Leading Economic Indicators
In September, Russia’s finance minister publicly urged citizens to step up their smoking and drinking, in that the government’s new “sin” taxes mean more revenue: “If you smoke a pack of cigarettes,” he said, “that means you are giving more to help solve social problems.” (Alcohol abuse is already said to kill 500,000 Russians a year and to significantly lower life expectancy.)
Executive Brigitte Stevens announced in September that her perpetually under-appreciated advocacy institution, Wombat Awareness Organization, had just been pledged $8 million by a single donor. According to Stevens, the $1 million annually she will receive in each of the next eight years is about 13 times the previous annual budget for the Mannum, South Australia, organization. The U.S. donor, who demanded anonymity, became interested in 2008 when, on an on-site visit, he was enthralled with “southern hairy-nosed” wombats.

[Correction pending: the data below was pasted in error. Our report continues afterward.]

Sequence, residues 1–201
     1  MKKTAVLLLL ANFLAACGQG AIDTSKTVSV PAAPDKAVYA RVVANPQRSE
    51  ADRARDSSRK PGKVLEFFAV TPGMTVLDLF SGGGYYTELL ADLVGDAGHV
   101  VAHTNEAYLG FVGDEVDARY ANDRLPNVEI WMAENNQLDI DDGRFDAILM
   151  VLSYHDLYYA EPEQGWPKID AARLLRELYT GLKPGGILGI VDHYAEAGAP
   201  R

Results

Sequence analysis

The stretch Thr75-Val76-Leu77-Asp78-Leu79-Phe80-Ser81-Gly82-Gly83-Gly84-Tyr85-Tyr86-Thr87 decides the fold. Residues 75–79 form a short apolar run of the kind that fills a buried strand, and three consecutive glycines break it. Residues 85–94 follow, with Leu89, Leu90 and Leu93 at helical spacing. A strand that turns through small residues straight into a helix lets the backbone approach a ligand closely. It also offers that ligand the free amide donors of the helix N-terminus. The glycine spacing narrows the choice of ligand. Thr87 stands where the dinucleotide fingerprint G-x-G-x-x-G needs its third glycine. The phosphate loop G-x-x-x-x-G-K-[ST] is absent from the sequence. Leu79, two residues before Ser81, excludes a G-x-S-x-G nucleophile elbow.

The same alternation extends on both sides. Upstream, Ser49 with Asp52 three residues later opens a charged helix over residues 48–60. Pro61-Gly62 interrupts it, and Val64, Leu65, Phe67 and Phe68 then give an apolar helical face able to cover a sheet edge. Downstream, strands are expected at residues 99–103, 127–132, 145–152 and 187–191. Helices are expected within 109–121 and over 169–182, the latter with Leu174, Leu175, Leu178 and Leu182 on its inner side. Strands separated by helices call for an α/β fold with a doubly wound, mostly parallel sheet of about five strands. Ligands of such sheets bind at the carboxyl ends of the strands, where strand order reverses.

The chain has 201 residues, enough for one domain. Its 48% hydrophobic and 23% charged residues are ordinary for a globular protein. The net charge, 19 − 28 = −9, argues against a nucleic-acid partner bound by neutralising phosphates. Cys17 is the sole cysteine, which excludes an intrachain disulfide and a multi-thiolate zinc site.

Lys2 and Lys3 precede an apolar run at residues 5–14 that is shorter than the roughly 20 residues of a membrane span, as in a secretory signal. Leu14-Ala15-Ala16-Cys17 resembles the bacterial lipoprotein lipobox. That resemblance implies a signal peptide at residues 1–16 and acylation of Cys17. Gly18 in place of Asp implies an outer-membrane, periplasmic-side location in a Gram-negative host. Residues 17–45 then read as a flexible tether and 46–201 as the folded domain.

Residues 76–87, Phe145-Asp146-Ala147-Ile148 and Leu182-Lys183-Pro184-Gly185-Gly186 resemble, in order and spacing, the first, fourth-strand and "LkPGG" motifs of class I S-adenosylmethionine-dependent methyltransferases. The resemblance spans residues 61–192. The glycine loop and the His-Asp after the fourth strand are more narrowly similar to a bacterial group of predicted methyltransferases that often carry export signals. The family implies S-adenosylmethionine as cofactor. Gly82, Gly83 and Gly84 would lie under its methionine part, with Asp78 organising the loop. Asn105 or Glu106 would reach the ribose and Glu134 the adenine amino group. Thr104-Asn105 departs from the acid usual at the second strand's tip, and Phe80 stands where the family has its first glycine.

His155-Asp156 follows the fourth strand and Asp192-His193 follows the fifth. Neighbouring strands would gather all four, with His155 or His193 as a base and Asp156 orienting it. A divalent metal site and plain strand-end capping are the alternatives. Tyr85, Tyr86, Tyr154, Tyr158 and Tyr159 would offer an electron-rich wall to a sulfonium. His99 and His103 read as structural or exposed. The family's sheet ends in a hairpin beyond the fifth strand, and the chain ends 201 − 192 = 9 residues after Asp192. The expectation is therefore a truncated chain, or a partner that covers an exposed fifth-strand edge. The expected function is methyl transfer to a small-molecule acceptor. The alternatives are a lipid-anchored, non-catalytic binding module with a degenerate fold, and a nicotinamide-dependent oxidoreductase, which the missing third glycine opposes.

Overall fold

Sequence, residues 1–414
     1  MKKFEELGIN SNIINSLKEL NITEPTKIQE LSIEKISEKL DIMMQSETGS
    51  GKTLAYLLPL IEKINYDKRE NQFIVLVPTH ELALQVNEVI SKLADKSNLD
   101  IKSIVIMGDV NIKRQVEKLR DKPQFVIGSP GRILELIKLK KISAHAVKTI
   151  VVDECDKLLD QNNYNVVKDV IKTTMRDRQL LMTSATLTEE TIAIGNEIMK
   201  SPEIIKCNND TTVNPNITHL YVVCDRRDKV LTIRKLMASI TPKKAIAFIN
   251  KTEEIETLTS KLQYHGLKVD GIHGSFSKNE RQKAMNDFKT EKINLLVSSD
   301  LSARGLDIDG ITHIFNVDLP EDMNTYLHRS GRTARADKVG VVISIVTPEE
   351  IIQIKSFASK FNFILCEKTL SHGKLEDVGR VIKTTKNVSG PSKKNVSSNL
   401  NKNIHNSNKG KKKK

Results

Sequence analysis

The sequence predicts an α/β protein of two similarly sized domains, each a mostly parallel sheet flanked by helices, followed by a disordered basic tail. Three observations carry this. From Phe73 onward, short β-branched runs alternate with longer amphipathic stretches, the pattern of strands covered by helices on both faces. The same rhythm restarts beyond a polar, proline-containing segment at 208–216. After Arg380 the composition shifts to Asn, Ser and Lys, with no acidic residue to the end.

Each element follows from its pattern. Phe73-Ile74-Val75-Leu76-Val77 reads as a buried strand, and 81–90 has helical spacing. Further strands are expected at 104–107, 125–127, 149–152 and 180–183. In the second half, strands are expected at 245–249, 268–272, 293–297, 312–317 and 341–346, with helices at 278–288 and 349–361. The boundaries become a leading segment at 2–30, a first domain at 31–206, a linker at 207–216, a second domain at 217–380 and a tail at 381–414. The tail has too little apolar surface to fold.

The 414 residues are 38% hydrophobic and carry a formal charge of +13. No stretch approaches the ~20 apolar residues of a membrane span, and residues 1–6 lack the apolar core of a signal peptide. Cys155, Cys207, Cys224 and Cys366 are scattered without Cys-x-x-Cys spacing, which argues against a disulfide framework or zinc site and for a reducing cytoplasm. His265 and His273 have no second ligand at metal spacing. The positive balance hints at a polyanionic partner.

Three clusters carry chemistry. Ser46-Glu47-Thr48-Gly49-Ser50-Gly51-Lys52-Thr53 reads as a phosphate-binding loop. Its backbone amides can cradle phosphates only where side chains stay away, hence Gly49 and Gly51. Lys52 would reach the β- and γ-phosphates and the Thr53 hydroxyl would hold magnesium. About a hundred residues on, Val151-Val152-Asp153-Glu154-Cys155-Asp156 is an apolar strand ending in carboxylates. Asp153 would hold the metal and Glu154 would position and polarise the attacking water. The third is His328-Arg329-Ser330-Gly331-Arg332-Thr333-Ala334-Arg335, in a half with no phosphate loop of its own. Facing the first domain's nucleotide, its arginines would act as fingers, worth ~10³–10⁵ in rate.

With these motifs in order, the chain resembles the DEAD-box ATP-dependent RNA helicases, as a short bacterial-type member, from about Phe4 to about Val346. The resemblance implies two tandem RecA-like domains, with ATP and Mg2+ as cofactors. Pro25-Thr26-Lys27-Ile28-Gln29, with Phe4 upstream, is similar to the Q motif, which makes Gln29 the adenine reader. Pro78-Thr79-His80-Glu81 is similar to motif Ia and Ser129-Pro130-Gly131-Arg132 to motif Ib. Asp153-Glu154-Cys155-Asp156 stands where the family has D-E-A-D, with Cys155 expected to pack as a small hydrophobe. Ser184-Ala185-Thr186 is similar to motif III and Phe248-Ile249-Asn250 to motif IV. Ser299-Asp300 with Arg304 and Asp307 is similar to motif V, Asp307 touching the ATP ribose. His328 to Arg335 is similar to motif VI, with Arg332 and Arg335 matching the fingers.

Signs of the Times: (1) A 24-year-old Muslim woman was strangled in Newcastle, Australia, in April when the bottom of her burqa became tangled in the wheels as she was driving playfully at a go-cart track. (2) A 45-year-old, out-of-town man was killed in a street robbery in Oakland, Calif., in July after he became distracted while typing a location into his cell phone’s map program to find his way to a job interview. The appointment was at Google Inc. (3) Horatio Toure, 31, was arrested in San Francisco in July after snatching an iPhone from a woman on the street and bicycling away. Unknown to him, the woman was conducting a real-time demonstration of global positioning software, and thus Toure’s exact movement was registering on her company’s computers. He was arrested within minutes.